The authors studied the influence of age on the pharmacodynamics of propofol, including characterization of the relation between plasma concentration and the time course of drug effect.

The authors evaluated healthy volunteers aged 25-81 yr. A bolus dose (2 mg/kg or 1 mg/kg in persons older than 65 yr) and an infusion (25, 50, 100, or 200 microg x kg(-1) x min(-1)) of the older or the new (containing EDTA) formulation of propofol were given on each of two different study days. The propofol concentration was determined in frequent arterial samples. The electroencephalogram (EEG) was used to measure drug effect. A statistical technique called semilinear canonical correlation was used to select components of the EEG power spectrum that correlated optimally with the effect-site concentration. The effect-site concentration was related to drug effect with a biphasic pharmacodynamic model. The plasma effect-site equilibration rate constant was estimated parametrically. Estimates of this rate constant were validated by comparing the predicted time of peak effect with the time of peak EEG effect. The probability of being asleep, as a function of age, was determined from steady state concentrations after 60 min of propofol infusion.

Twenty-four volunteers completed the study. Three parameters of the biphasic pharmacodynamic model were correlated linearly with age. The plasma effect-site equilibration rate constant was 0.456 min(-1). The predicted time to peak effect after bolus injection ranging was 1.7 min. The time to peak effect assessed visually was 1.6 min (range, 1-2.4 min). The steady state observations showed increasing sensitivity to propofol in elderly patients, with C50 values for loss of consciousness of 2.35, 1.8, and 1.25 microg/ml in volunteers who were 25, 50, and 75 yr old, respectively.

Semilinear canonical correlation defined a new measure of propofol effect on the EEG, the canonical univariate parameter for propofol. Using this parameter, propofol plasma effect-site equilibration is faster than previously reported. This fast onset was confirmed by inspection of the EEG data. Elderly patients are more sensitive to the hypnotic and EEG effects of propofol than are younger persons.

Key words: Convolution; covariates; effect site; electroencephalogram; intravenous anesthetics; modeling; population; semilinear canonical correlation.

THE dose requirement of many hypnotic and analgesic drugs used in anesthesia is reduced in elderly persons. [1-3]This can be explained by age- related changes in pharmacokinetics, pharmacodynamics, or both. Recently, we showed that the pharmacokinetics of propofol change with age. [4]The purpose of this analysis was to study the influence of age on the pharmacodynamics of propofol. Specifically, we wanted to characterize the influence of age on propofol potency and on the time course of plasma effect-site equilibration. As in previous studies, [2,5-7]we used the EEG as a sensitive and continuous measure of drug effect.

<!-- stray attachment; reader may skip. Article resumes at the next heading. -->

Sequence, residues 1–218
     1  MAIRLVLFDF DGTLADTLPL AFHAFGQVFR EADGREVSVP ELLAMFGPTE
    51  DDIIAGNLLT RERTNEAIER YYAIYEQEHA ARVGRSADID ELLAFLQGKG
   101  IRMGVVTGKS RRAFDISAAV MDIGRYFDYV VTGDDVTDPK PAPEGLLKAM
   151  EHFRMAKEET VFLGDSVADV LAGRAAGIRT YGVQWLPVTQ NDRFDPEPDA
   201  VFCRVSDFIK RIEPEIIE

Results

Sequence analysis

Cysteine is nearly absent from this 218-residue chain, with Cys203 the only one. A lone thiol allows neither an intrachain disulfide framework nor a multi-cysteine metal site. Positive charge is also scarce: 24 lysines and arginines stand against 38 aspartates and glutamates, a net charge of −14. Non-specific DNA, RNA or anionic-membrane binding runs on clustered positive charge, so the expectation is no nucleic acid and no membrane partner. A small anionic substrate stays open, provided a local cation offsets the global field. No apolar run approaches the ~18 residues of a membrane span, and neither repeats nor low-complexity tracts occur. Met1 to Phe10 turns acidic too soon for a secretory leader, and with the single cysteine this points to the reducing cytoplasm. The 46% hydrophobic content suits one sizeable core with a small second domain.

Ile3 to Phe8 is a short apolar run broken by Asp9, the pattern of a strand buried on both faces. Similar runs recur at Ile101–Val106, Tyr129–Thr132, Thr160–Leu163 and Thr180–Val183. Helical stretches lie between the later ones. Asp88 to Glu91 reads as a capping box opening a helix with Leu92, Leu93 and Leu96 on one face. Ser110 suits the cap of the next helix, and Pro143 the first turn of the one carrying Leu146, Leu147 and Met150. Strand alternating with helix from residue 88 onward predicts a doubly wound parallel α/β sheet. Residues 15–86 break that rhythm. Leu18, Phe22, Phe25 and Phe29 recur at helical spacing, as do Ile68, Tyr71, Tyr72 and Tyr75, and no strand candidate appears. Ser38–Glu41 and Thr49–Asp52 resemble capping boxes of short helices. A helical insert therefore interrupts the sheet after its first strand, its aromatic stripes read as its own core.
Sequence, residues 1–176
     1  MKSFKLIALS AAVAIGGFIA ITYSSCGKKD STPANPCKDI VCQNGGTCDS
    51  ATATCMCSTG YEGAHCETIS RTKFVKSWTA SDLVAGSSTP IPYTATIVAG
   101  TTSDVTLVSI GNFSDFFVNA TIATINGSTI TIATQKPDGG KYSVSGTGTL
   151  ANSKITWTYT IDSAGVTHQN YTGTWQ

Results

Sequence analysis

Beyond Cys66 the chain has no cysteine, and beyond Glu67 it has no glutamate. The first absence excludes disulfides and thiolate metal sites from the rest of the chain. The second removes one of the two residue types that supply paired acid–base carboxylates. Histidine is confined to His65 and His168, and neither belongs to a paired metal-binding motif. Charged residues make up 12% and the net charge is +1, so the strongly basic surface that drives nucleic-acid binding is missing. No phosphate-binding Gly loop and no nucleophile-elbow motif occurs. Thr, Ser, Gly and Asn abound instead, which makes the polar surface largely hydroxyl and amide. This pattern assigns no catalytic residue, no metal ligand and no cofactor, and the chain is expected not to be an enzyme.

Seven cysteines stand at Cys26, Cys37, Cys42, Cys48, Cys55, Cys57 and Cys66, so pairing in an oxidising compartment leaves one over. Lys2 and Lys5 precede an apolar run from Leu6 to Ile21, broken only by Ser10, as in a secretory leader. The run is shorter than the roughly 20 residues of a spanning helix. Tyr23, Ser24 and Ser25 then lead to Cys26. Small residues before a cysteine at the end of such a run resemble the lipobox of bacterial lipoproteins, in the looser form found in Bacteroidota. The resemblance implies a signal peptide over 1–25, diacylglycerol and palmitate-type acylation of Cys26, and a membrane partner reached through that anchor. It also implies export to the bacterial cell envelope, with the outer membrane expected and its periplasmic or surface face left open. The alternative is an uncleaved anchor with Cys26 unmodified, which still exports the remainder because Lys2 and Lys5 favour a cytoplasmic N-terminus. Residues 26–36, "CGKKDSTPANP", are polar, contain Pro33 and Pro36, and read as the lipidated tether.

There is only one published value for the plasma effect-site equilibration rate constant (K^{e0}) for propofol in the peer-reviewed literature, which was reported by Billard et al. [8]as an incidental finding in a study comparing different EEG measures of drug effect. Accordingly, one purpose of the current study was to have a carefully developed k^{e0}that can be used to predict effect-site concentrations in the clinical setting when combined with an appropriate pharmacokinetic model.

## Methods

### Clinical Protocol

After we received approval for the study protocol from the Stanford Institutional Review Board, we enrolled 25 healthy volunteers into the study. One persons dropped out because of depression. This person was replaced in the age- and dose-stratified design and was not included in the analysis. The study population and the study design are described in a companion article that reports the influence of age on the pharmacokinetics of propofol. [4]

For this randomized, double-blinded, two-period, crossover trial, the participants were stratified into three age groups of eight persons each: 18-34 yr, 35-65 yr, and more than 65 yr. Each volunteer was studied twice and received propofol (Zeneca Pharmaceuticals Group, Wilmington, DE) without EDTA (the commercially available formulation of propofol in the United States before July 1996) or propofol with EDTA (the commercially available formulation of propofol in the United States after July 1996) in each study session. All volunteers received a manually delivered bolus over a median time of 18 s (range, 13-24 s; individual times were not correlated with age). Volunteers aged 65 yr and younger received a bolus dose of 2 mg/kg. Volunteers older than 65 yr received a smaller bolus of 1 mg/kg because of safety concerns. One hour after the bolus dose, a 60-min infusion of propofol was administered. The infusion rate was assigned randomly to 25, 50, 100, or 200 [micro sign]g [middle dot] kg^{-1}[middle dot] min^{-1}, with two volunteers in each age group assigned to each infusion rate. Arterial blood samples were taken at 0, 1, 2, 4, 8, 16, 30, 60, 62, 64, 68, 76, 90, 120, 122, 124, 128, 136, 150, 180, 240, 300, and 600 min during each study session.